Sir Bobby Charlton turns 80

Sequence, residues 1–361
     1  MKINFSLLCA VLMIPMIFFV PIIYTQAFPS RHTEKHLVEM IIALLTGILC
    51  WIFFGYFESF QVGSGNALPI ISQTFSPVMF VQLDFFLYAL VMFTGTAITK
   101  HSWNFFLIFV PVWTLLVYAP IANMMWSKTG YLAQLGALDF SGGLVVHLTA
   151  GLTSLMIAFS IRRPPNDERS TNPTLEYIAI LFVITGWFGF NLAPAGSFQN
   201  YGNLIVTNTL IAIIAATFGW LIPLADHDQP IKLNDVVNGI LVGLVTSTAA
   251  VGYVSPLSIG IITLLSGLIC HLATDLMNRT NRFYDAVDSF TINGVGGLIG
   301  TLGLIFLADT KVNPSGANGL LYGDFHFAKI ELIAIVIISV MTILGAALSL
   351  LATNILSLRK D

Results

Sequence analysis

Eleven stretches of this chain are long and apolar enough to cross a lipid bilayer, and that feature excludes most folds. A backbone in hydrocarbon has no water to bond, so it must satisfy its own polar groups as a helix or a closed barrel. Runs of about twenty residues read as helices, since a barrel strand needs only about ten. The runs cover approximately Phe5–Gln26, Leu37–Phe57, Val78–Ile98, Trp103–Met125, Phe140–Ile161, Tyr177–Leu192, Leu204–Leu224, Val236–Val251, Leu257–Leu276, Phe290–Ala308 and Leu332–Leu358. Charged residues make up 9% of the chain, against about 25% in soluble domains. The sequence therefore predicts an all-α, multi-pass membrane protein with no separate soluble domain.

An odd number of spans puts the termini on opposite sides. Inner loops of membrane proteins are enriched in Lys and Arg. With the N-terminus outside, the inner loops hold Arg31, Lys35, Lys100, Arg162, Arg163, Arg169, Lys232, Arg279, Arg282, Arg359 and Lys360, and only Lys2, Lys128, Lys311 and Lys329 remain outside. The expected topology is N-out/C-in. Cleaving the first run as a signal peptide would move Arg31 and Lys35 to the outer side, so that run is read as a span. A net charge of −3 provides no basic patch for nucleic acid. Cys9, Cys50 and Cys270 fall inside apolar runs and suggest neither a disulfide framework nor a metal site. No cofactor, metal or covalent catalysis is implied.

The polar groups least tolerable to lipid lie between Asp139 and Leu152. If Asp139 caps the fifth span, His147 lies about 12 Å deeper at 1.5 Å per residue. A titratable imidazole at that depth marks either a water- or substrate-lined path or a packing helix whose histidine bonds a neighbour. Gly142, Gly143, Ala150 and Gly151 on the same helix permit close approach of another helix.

first_img… a moving tribute to Britain’s greatest football heroBy Michael HoganTHERE are few sights more thrilling throughout the history of football than Bobby Charlton galloping through midfield, unleashing his ferocious shot from 30 yards and the crowd erupting in ecstasy as the net bulges.“We got to savour plenty such moments during tribute documentary Sir Bobby Charlton at 80 (BBC One). I’d like to think an apt 80 goals were shown but I was enjoying it so much, I lost count.The first gentleman of the beautiful game becomes an octogenarian today, hence this classy film celebrating his incomparable career. The emotional hearts of its narrative were the two contrasting events which shaped Charlton’s life – indeed, shaped British football.First, he witnessed tragedy. Charlton’s voice cracked with feeling as he described surviving the 1958 Munich air disaster which killed 21 people – including eight of his young teammates, poignantly dubbed ‘the Busby Babes’.Goalkeeper Harry Gregg evocatively described the crash: “There was daylight and darkness, banging and sparks, things hitting us in the head.” Gregg pulled Charlton from the wreckage by his trousers. Charlton woke up 50 yards away the plane, still strapped into his seat. These interviews were simply shot in intimate close-up. You could see lips wobbling and tears in eyes.As the archive clips turned from black-and-white to full colour, Charlton became a crucial figure in the club’s recovery. Turning despair into triumph, he led a rebuilt team to two league titles and the European Cup.He was the talismanic connection between United’s two fabled eras: the Busby Babes and the Best-Law-Charlton team. As player-turned-pundit Gary Neville put it: “He defined Manchester United’s principles and values. He’s ingrained in the fabric of the club. He’s our hero, our beacon, our light.”The second key event, of course, was the 1966 World Cup. Charlton was the lynchpin of the England team that won the trophy on home soil. More than half a century later, it was a treat to hear him talking us through his three goals in the tournament, like a modern-day Match of the Day interview. “It was paradise,” Charlton recalled, misty-eyed. ‘Magic’.Charlton remains a pivotal figure at Old Trafford as a club director, ambassador and close confidant to a succession of managers. He’s still working away as he approaches his milestone birthday, devoting much of his time to his Find a Better Way landmine charity.Illustrious talking heads including Sir Alex Ferguson, Sir Geoff Hurst, Denis Law and Gordon Banks queued up to pay tribute to the man they simply call ‘Sir Bobby’ – or, in the case of his brothers Jack and Tom, ‘Wor Bob’. Several remarked on how well-known he is worldwide. Even when people can’t speak English, they can excitedly shout, “Bobby Charlton! Bobby Charlton!”Such is his exalted status that only last week, he was guest of honour at St George’s Park, where the FA named England’s training pitch after him. Charlton gave an inspirational talk to the current Three Lions squad. In return, they gave him a shirt with number 80 on the back.Despite the fame and silverware, Charlton remained self-effacing to a fault – just a down-to-earth family man from the mining village of Ashington.He held goal-scoring records for both England and United until recently, yet you wouldn’t know it from the modest way he spoke about his career. He met triumph and tragedy and treated those two imposters just the same. We’ll never see his like again.Charismatic French favourite Eric Cantona – bushy-bearded and heavy-browed, resembling a grizzled Gallic lion – got the first and last words: “He was a legend for all of us. All around the world, they respect Bobby Charlton. No-one will forget him. That’s the destiny of great men. His life is like the script for a movie and I can’t understand why they don’t make it.”Well, here they sort of did. Happy birthday, Sir Bobby! (The Telegraph)last_img